The Mets have casually approached the free agent closer market, and rightfully so. Both Francisco Rodriguez and Brian Fuentes are top choices, but it appears that only the Mets have both the money and the inclination to spend it on a closer, leaving them free to choose.
So New York has let the market come to them, and while Rodriguez, who set the all-time record for saves in a season in 2008, once expected a five-year, $75 million deal, the Mets may sign Rodriguez for as little as three years. Fuentes, meanwhile, appears to be asking for three years as well.
But now it’s time to get serious. The temptation will be there to trade talent for a lesser commodity. But the truth is that signing one of them is a must if the Mets are going to seriously address their disastrous bullpen. Still, many baseball people are apprehensive about signing relievers to long-term contracts, and the Mets in particular have been burned by such deals. After all, Billy Wagner broke down in the third of his four-year deal in 2008, which is why they need to seek a closer in the first place.
But a closer look at pitchers at the level of Rodriguez and Fuentes indicates that the risk may not be so pronounced with elite relievers—and the upside for 2009 is too high to ignore.
Rodriguez is coming off what is a down season for him, with just 10.14 strikeouts per nine innings and a 2.24 ERA, good for an ERA+ of 198. Fuentes posted a 2.73 ERA, good for an ERA+ of 168—despite pitching half his games at hitters’ paradise Coors Field—and struck out 11.77 per nine. And it is nothing new—Rodriguez has been similarly dominant since he entered the league in 2002, while Fuentes has been consistently excellent going back to 2005.
Of course, signing either to a long-term deal does not guarantee that future performance will match recent success. Instead, a good comparison to determine how either pitcher’s three-year deal will turn out would be to look at pitchers who performed at their level from 2003-2005—and how they worked out in 2006-2008.
Six pitchers had an ERA+ of greater than 150 and a strikeout rate of better than nine per nine innings while closing in 2003-2005. Imagine all six were available with a three year contract: what value would they provide?
The first, Eric Gagne, is not a relevant choice—he’d already suffered the arm injury that has sapped him of effectiveness since the 2005 season, limiting him to 13 1/3 innings that year.
The second choice, Brad Lidge, also suffered from extenuating circumstances. His postseason home run to Albert Pujols appeared to sap his confidence, ruining his 2006 season. Even still, Lidge recovered to enjoy a solid 2007, followed by a 2008 that was nearly perfect—not a single blown save, a 1.95 ERA, and 11.94 strikeouts per nine innings. He also ended the 2008 World Series by striking out Eric Hinske. The Mets would certainly sign up for three years like the ones Lidge had.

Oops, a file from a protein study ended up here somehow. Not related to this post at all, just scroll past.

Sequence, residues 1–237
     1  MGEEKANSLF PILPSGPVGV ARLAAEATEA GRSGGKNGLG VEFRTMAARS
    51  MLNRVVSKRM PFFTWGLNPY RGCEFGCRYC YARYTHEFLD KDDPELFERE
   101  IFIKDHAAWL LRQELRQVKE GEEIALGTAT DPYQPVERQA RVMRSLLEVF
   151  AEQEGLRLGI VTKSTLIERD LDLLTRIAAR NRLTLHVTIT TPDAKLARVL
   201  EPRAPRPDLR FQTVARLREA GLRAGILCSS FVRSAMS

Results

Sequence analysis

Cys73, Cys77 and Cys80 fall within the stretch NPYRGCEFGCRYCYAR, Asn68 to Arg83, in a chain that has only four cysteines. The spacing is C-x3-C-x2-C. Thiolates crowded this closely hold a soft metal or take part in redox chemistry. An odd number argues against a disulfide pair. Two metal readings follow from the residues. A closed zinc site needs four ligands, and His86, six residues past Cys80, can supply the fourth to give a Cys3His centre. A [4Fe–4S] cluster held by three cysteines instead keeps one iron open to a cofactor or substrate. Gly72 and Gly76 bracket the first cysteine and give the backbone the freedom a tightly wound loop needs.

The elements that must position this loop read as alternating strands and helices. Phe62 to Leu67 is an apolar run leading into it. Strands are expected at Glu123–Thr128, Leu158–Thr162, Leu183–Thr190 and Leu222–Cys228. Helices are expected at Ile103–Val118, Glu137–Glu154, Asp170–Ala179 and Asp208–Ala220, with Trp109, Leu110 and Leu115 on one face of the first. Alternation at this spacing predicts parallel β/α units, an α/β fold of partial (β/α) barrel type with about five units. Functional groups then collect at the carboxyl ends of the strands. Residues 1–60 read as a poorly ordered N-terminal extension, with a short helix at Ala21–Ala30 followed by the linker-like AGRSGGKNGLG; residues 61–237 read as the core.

Third on the list is: Francisco Rodriguez. He performed at nearly as high a level in 2006-2008 as he did in 2003-2005—and just 26, he’s a good bet, if healthy, to perform about as well in 2009-20011. Surely, the Mets would sign up for another three years of classic K-Rod.
Then there’s Joe Nathan, who pitched to a 182 ERA+ in his age 28-30 seasons from 2003-2005, with a strikeout rate of 10.82. In 2006-2008? The strikeout rate was virtually identical—10.66 per nine—and the ERA+ reached an astounding 270. Nathan’s three years are the best-case scenario for signing K-Rod or Fuentes, not a warning to steer clear of them.
The fifth member of the list is Billy Wagner, and the Mets know how those three seasons turned out. But not only was Wagner more than a year older than Fuentes (and nearly a generation removed from Rodriguez), his three years provided pretty good value—a strikeout rate of 10.84 per nine, and an ERA+ of 178. He broke down at an inopportune time—and that fourth year will be worthless—but as a three-year commitment, Wagner provided a pretty good return.
The sixth member of the list, Francisco Cordero, pitched to a 174 ERA+ in 2003-2005, his age 28-30 seasons, but his strikeout rate was just 9.99, lower than either Rodriguez or Fuentes. Still, Cordero’s 2006-2008 totals were a 135 ERA+ and a strikeout rate of 10.68.
Of the six similar pitchers from three years ago, the case can be made for signing all five that ended the year healthy.
Ultimately, closers can get hurt, just as any pitcher can. But for relievers pitching at the level of a Francisco Rodriguez or Brian Fuentes, the chances are quite good that the next three years will be comparable to the last three. Given New York’s need for a closer, the biggest risk the Mets can take will be not signing either of them.
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